Property transferred back to elder abuse victims – stamp duty

The Law Institute of Victoria released a press statement on 22 November 2019 about a stamp duty issue that is in urgent need of reform.

Where a property has been transferred to an abuser, whether by undue influence, forgery or other means, and the victim is lucky enough to have the property recovered and transferred back to him or her, stamp duty has to be paid on that transfer.

This means that the victim has paid stamp duty once when the property was purchased, and once again on the re-transfer after the abuse.

There are stamp duty exemptions for many other situations, and we do not think there is any doubt that an exemption in these circumstances should also apply.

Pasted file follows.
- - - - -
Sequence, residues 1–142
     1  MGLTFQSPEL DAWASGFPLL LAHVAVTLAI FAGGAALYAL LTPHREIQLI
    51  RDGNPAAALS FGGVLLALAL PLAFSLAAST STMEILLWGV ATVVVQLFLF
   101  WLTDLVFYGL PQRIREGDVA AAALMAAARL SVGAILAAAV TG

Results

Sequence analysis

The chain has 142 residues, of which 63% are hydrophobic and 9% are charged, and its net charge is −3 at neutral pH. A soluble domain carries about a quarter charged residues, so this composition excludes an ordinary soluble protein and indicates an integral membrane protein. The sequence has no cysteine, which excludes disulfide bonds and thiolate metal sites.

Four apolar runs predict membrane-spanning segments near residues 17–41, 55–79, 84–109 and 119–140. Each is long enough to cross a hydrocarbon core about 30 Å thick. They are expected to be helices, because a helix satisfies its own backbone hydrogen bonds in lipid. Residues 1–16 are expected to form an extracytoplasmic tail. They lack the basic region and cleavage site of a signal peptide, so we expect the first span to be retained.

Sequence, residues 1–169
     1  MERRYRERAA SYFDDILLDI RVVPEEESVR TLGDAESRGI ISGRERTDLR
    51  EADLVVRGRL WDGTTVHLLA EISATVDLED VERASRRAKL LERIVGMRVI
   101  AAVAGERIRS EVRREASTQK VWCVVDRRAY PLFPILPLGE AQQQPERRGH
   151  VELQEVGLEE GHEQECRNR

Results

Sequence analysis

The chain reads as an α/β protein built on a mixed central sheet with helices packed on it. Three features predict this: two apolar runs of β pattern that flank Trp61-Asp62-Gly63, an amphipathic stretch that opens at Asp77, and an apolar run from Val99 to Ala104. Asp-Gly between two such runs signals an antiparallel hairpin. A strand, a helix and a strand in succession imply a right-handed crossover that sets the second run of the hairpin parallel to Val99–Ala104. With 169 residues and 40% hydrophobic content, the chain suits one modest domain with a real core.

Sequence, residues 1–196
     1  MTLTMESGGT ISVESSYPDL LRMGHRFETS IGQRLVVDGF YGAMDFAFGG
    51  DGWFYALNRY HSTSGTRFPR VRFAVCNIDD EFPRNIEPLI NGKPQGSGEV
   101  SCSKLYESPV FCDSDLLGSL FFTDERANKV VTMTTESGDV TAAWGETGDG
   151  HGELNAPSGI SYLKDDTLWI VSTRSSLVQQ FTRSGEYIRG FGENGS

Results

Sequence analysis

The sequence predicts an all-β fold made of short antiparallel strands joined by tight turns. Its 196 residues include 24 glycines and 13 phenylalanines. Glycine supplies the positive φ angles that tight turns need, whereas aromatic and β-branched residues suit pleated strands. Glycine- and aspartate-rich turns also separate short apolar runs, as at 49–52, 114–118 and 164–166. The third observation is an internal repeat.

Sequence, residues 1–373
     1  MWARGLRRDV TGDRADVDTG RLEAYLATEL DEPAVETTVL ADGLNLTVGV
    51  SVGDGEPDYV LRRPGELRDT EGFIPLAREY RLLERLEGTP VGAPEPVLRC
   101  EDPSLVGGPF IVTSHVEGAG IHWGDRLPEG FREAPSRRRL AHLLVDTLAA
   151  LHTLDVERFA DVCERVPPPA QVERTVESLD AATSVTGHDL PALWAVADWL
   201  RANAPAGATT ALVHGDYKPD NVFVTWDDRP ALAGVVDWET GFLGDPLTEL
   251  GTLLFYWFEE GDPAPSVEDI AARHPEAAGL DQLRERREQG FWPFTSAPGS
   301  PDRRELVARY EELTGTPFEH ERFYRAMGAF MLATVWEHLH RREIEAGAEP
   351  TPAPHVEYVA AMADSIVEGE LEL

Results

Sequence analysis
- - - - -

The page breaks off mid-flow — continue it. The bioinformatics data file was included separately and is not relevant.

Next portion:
This is probably a case where, had Parliament had taken into account these sort of abuse situations, the exemption would have been provided for when the legislation was enacted. However, it was probably not taken into consideration, with the consequence that duty paid in these circumstances could be regarded as unintended.

Let us hope that the legislative wheels can turn quickly and an appropriate exemption enacted.

Act now, recover later

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